LUXTON WELCOMES CER PROGRESS ON BIOSECURITY ISSUES

  • John Luxton
Biosecurity

Biosecurity Minister John Luxton today welcomed the commitment between New Zealand and Australia to advance trans-Tasman co-operation on biosecurity matters. The accord comes as a result of a joint Ministerial agreement with Mr Luxton's Australian counterpart, the Hon Warren Truss, Minister for Agriculture, Fisheries and Forestry.

"New Zealand and Australian officials are working closely together to look at the national biosecurity policies of both countries and examine the biosecurity restrictions which may hinder trade. The Australian Quarantine Inspection Service (AQIS) and MAF have agreed to put on a more formal footing separate technical groups looking at animal and plant health and border operations."

"Preserving our excellent biosecurity status remains paramount for both countries and each party still retains the right to determine their own appropriate import requirements, while still maintaining consistency with the rights and obligations under the WTO."

The key areas where both countries have agreed to strengthen their ties on biosecurity issues are:

  • To review the consistency of the Australian and New Zealand approaches to pest and disease risk assessment;
  • To ensure that current biosecurity requirements are based on sound science;
  • Review current areas of concern;
  • Review the mechanisms of information exchange between the two countries.

"The on-going dialogue recognises not only the maturity of the relationship but also reinforces our CER commitments. It is common sense to work together where we can on biosecurity issues. I welcome any initiatives that strengthen ties with our closest trading partner," Mr Luxton concluded.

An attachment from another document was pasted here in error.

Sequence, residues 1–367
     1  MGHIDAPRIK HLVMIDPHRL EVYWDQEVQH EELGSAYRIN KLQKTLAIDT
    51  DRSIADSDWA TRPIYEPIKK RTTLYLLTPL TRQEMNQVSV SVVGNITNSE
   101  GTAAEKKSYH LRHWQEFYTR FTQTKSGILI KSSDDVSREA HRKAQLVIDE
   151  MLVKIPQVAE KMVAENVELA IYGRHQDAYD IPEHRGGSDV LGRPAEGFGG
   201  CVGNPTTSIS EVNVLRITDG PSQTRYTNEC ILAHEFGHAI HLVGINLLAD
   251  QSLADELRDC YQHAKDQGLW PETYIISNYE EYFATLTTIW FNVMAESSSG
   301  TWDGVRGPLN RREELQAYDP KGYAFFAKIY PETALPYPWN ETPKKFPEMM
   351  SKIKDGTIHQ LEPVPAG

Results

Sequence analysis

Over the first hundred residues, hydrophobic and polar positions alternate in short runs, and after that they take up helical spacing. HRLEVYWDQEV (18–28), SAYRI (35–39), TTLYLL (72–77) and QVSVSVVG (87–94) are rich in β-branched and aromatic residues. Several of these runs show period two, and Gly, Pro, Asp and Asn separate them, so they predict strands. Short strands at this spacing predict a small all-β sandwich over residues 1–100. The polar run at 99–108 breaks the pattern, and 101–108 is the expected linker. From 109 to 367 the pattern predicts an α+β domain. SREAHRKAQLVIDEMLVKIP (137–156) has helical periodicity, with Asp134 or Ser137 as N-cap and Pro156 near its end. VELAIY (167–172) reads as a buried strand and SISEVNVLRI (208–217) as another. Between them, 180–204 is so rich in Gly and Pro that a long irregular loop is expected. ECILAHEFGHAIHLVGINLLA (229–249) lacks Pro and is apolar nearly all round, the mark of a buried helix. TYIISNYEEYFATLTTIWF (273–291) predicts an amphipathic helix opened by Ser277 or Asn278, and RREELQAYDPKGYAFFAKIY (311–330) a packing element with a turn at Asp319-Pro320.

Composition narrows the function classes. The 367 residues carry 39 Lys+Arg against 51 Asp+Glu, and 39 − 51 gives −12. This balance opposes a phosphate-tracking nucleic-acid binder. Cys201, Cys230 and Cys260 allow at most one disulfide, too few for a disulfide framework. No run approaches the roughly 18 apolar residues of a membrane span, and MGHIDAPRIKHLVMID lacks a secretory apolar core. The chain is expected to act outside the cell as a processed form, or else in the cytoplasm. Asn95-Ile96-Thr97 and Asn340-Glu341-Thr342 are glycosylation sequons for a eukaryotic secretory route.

For further information please contact: Emma Reid Andrew Matheson Press Secretary International Agreements Manager (04) 471 9707 or (025) 433 716 (04) 474 4219

MINISTERIAL ANNOUNCEMENT ON BIOSECURITY

The 1988 protocol to ANZCERTA on quarantine matters aimed to minimise restrictions on trans-Tasman trade whilst ensuring that measures necessary to protect animal and plant health were maintained. Each party to the Agreement retains the right to determine the appropriate measures, consistent with the rights and obligations of Australia and New Zealand as Members of the World Trade Organisation.

Australian and New Zealand quarantine authorities have met frequently since 1988 to discuss bilateral and multilateral quarantine matters. A number of specific quarantine issues have been resolved over this period, and a number of others are under active consideration at the present time.

In view of the importance of maintaining biosecurity and of enhancing opportunities for trans-Tasman trade, we [signatories to be Ministers for agriculture/biosecurity] have agreed to strengthen the on-going dialogue on trans-Tasman biosecurity issues. In this process the relevant agencies will:

  • examine the procedures of each party for establishing and implementing quarantine requirements applicable to trans-Tasman trade, including in particular the consistency of the Australian and New Zealand approaches to pest and disease risk assessment. The aim is to identify any significant differences, the removal of which would substantially facilitate trade;
  • verify that current quarantine requirements are based on a sound, contemporary risk analysis, and reflect genuine and significant differences in pest-disease status in Australia or New Zealand, and/or differences between the national policy of Australia and New Zealand with respect to an appropriate level of protection;
  • in order to inform the foregoing process, review the list of commodities annexed to the 1988 Protocol, and other items of current concern;
  • review the provisions of the Protocol relating to information exchange and other interaction between the responsible authorities of Australia and New Zealand, and consider whether the existing mechanisms and processes should be
  • revised or augmented.